A Long Island man is now facing upgraded charges based upon the death of his infant daughter. Police say that the man had a blood alcohol content of more than three times the legal limit when the car he was driving crashed into the side of a 7-Eleven store in Suffolk County on July 19. The driver, his 10-month old daughter and his pregnant girlfriend were in the vehicle, and all were injured. The daughter has since died from her injuries. The driver had already been charged with a number of offenses, but the death of his daughter added the most serious charge yet – aggravated vehicular manslaughter, a class B felony.
Aggravated vehicular manslaughter is defined under section 125.14 of the New York Penal Code, which provides, in part, as follows:
“A person is guilty of aggravated vehicular homicide when he or she engages in reckless driving . . . and . . . commits such crimes while operating a motor vehicle while such person has .18 of one per centum or more by weight of alcohol in such person’s blood . . ..”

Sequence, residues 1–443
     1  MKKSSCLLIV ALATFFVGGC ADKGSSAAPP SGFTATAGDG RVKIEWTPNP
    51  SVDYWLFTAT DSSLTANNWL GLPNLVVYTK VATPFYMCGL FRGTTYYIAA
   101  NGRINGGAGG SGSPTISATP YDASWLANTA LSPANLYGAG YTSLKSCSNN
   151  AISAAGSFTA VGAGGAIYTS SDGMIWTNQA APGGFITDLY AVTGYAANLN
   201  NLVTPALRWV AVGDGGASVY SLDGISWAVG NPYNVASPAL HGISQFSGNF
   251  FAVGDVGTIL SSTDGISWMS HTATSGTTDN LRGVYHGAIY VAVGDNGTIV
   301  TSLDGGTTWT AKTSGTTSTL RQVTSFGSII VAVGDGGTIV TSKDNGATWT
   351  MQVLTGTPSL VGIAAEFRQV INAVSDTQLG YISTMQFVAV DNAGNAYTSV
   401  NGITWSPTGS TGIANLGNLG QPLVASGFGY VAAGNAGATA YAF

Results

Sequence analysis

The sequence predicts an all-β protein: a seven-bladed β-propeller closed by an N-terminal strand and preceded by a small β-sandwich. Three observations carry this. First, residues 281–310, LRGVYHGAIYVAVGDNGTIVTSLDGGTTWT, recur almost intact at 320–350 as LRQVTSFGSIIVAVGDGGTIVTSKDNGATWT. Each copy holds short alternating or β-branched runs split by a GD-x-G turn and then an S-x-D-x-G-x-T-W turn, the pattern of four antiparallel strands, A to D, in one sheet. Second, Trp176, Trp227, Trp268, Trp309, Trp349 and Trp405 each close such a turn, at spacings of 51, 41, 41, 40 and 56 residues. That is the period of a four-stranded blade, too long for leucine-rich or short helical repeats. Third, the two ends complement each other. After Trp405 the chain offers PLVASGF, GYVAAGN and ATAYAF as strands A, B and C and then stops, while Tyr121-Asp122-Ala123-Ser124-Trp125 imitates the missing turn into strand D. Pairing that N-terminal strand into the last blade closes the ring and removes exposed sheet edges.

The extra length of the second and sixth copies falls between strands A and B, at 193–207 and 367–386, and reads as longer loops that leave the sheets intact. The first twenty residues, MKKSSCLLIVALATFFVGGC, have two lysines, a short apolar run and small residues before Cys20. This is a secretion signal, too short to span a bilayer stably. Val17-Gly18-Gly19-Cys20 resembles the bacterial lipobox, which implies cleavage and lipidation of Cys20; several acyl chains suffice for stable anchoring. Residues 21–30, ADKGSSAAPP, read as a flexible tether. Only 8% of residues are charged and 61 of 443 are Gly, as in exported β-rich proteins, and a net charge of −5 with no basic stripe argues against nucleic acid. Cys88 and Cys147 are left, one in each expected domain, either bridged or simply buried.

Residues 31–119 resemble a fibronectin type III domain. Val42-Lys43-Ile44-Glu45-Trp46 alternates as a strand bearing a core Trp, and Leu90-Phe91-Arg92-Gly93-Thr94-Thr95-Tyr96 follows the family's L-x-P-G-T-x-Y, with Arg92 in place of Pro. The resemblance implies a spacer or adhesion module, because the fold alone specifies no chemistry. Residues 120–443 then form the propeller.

The penalties for driving while intoxicated in New York are some of the harshest in the country, and include those specified under Leandra’s Law. Leandra’s Law was designed to deal with intoxicated and impaired driving when a child is in the vehicle. Under the law, first time offenders convicted of DWI with a passenger under the age of 16 can be charged with a class E felony, punishable by up to four years in prison, among other sanctions. If the child suffers a serious physical injury, the offense becomes a class C felony, with a possible sentence of 15 years. And in the event of the death of the child, it is a class B felony, with a prison sentence of up to 25 years.
Unfortunately, the devastating consequences of drinking and driving are not all that rare. Within the last few days, another suspected DWI crash led to the indictment of another man in the death of a recent high school graduate. Even though the alleged victim was not a minor under 16 years of age, the defendant in that case has been charged with second degree murder, and faces up to 25 years in prison.
We have stated in previously in our blog that the only sure way to avoid a DWI, DUI (driving under the influence) or DWAI (driving while ability impaired) conviction is not to drink (or consume drugs) and drive. However, if you have been charged with a DWI or any related offense, the consequences of a conviction are enormous, and you need the services of an experienced New York State DWI Lawyer.
George Vomvolakis Law Offices
275 Madison Avenue
New York, NY 10016